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Duchy of Upper and Lower Silesia
Herzogtum Ober- und Niederschlesien
Vévodství Horní a Dolní Slezsko
Księstwo Górnego i Dolnego Śląska
|Status||Crown land of the Kingdom of Bohemia and:|
|Common languages||German, Polish, Czech|
• Part of Austrian Empire
|Today part of||Czech Republic|
Austrian Silesia,[a] officially the Duchy of Upper and Lower Silesia,[b] was an autonomous region of the Kingdom of Bohemia and the Habsburg monarchy (from 1804 the Austrian Empire, and from 1867 Cisleithanian Austria-Hungary). It is largely coterminous with the present-day region of Czech Silesia and was, historically, part of the larger Silesia region.
The area east of the Ostravice around Cieszyn reached from the heights of the Western Carpathians (Silesian Beskids) in the south, where it bordered with the Kingdom of Hungary, along the Olza and upper Vistula rivers to the border with Prussian Silesia in the north. In the east the Biała river at Bielsko separated it from the Lesser Polish lands of the Polish–Lithuanian Commonwealth, incorporated into the Austrian Kingdom of Galicia and Lodomeria upon the First Partition of Poland in 1772.
The territory west of the Oder river stretching from the town of Opava up to Bílá Voda was confined by the Jeseníky mountain range of the eastern Sudetes in the south, separating it from Moravia, and the Opava river in the north. In the west the Golden Mountains formed the border with the County of Kladsko.
The area originally formed the south-eastern part of the Medieval Duchy of Silesia. During the 14th century the Dukes of Silesia were vassals of the King of Bohemia. As part of the Lands of the Bohemian Crown, Silesia was inherited by the Habsburg Archduke Ferdinand I of Austria in 1526, after King Louis II of Bohemia had died at the Battle of Mohács. With the female succession of the Habsburg empress Maria Theresa to the throne in 1740, the Prussian king Frederick the Great laid claim to the Silesian province and, without waiting for any reply, on 16 December started the First Silesian War, thereby opening the larger War of the Austrian Succession. His campaign was concluded in 1742 with the Prussian victory at the Battle of Chotusitz leading to the treaties of Breslau and Berlin, in which Silesia was divided.
Under the terms of the treaty, the Kingdom of Prussia received most of the territory including the Bohemian County of Kladsko, while only a small part of southeastern Silesia remained with the Habsburg monarchy, consisting of:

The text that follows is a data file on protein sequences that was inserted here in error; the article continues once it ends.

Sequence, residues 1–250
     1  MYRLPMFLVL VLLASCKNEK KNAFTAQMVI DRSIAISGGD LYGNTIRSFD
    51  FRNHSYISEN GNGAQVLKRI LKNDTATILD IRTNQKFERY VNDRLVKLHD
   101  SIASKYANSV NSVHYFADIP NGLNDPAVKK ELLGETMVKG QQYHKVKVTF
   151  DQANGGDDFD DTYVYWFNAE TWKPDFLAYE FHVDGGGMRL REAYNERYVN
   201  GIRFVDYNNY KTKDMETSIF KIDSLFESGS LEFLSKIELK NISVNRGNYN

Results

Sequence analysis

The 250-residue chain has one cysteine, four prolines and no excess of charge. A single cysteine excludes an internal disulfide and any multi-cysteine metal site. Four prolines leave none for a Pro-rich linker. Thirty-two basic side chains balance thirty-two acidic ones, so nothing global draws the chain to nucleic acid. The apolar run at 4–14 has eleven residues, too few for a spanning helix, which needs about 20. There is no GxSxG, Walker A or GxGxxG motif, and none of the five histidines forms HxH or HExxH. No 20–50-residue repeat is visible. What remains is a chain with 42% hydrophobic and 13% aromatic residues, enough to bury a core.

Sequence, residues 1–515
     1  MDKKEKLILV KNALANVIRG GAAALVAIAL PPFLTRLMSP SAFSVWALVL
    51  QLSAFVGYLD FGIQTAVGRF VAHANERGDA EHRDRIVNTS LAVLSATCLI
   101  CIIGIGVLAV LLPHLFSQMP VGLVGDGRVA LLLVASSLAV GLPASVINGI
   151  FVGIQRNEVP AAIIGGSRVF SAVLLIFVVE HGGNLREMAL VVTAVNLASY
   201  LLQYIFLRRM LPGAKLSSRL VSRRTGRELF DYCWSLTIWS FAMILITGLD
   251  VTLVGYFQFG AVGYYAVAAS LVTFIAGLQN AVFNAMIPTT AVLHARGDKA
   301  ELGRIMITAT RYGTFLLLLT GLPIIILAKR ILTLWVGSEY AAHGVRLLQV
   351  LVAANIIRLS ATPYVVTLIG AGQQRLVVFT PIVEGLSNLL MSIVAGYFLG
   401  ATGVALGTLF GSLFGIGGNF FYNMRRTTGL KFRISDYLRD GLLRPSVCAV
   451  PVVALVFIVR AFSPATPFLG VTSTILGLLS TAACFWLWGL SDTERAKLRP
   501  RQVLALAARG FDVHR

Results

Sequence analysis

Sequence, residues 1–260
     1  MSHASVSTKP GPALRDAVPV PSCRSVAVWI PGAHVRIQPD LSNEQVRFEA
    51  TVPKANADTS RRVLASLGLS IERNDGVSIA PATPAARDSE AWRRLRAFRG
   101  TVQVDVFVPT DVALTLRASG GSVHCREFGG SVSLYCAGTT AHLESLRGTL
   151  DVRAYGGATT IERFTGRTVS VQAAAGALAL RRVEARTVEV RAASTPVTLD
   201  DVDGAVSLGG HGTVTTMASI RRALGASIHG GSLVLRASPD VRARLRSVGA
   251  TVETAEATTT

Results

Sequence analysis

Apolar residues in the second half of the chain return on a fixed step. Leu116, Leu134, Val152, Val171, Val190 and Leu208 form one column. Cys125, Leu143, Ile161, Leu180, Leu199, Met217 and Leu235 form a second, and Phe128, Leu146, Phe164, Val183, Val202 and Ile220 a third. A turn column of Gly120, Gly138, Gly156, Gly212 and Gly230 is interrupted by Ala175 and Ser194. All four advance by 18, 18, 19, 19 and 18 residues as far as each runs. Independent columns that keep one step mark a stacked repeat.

- the Upper Silesian duchy of Teschen (Cieszyn)
- parts of the former Moravian Duchy of Opava with Duchy of Krnov south of the Opava River, comprising several Moravian enclaves.
- the southern part of the Lower Silesian Duchy of Nysa around Jeseník
forming the Duchy of Upper and Lower Silesia, which remained a Bohemian crown land with its capital in the city of Opava. In 1766 the title of a Duke of Teschen was granted to Prince Albert of Saxony, son-in-law of Maria Theresa, while the title of a Duke of Troppau and Jägerndorf remained with the House of Liechtenstein. The Nysa territory was held by the Bishops of Wrocław with their residence at Castle Jánský Vrch (Johannisberg).
When in 1804 the Habsurg emperor Francis II established the Austrian Empire, his title would include the "Duke of Upper and Lower Silesia". Austrian Silesia was connected by rail with the Austrian capital Vienna, when the Emperor Ferdinand Northern Railway line was extended to Bohumín station in 1847. In the course of the Austro-Hungarian Compromise of 1867 the Duchy of Upper and Lower Silesia became a crown land of Cisleithanian Austria.
In November 1918 the Dual Monarchy was abolished. The major part of Austrian Silesia was ceded to the newly created state of Czechoslovakia by the 1919 Treaty of Saint-Germain-en-Laye, with the exception of Cieszyn Silesia (the former Duchy of Teschen), which after the Polish–Czechoslovak War was split in 1920 along the Olza river with its eastern part falling to the Autonomous Silesian Voivodeship of Poland. Smaller parts of the duchy also became a part of Poland, while the adjacent Hlučín Region of Prussian Silesia fell to Czechoslovakia.
According to an Austrian census, Austrian Silesia in 1910 was home to 756,949 people, speaking the following languages:
Towns with more than 5,000 people in 1880:
Linguistic distribution (1851–1910)
Linguistic distribution by district (1910)
|District (Bezirk)||Polish name||Czech name||Area
The Duchy of Upper and Lower Silesia was originally divided into the two districts (Bezirke) of Teschen (Těšínský kraj, pop. 213,040 in 1847) and Troppau (Opavský kraj, pop. 260,199) with its seat at Krnov. In eastern Teschen, the autonomous Duchy of Bielsko was established in 1754. Upon the Revolutions of 1848 and up to its dissolution Austrian Silesia was intermittently re-organised into the districts of:
- Bielitz (Bielsko)
- Freistadt (Fryštát)
- Freiwaldau (Frývaldov)
- Freudenthal (Bruntál)
- Friedek (Frýdek)
- Jägerndorf (Krnov)
- Teschen (Cieszyn/Těšín)
- Troppau (Opava)
- Wagstadt (Bílovec).
For example, in 1900, there were 8 Bezirkshauptmannschaften in Austrian Silesia (in comparison to above list without Frydek).
- German: Österreichisch-Schlesien (historically also Oesterreichisch-Schlesien, Oesterreichisch Schlesien, österreichisch Schlesien); Czech: Rakouské Slezsko; Polish: Śląsk Austriacki
- German: Herzogtum Ober- und Niederschlesien (historically Herzogthum Ober- und Niederschlesien); Czech: Vévodství Horní a Dolní Slezsko; Polish: Księstwo Górnego i Dolnego Śląska
- Die postalischen Abstempelungen auf den österreichischen Postwertzeichen-Ausgaben 1867, 1883 und 1890, Wilhelm KLEIN, 1967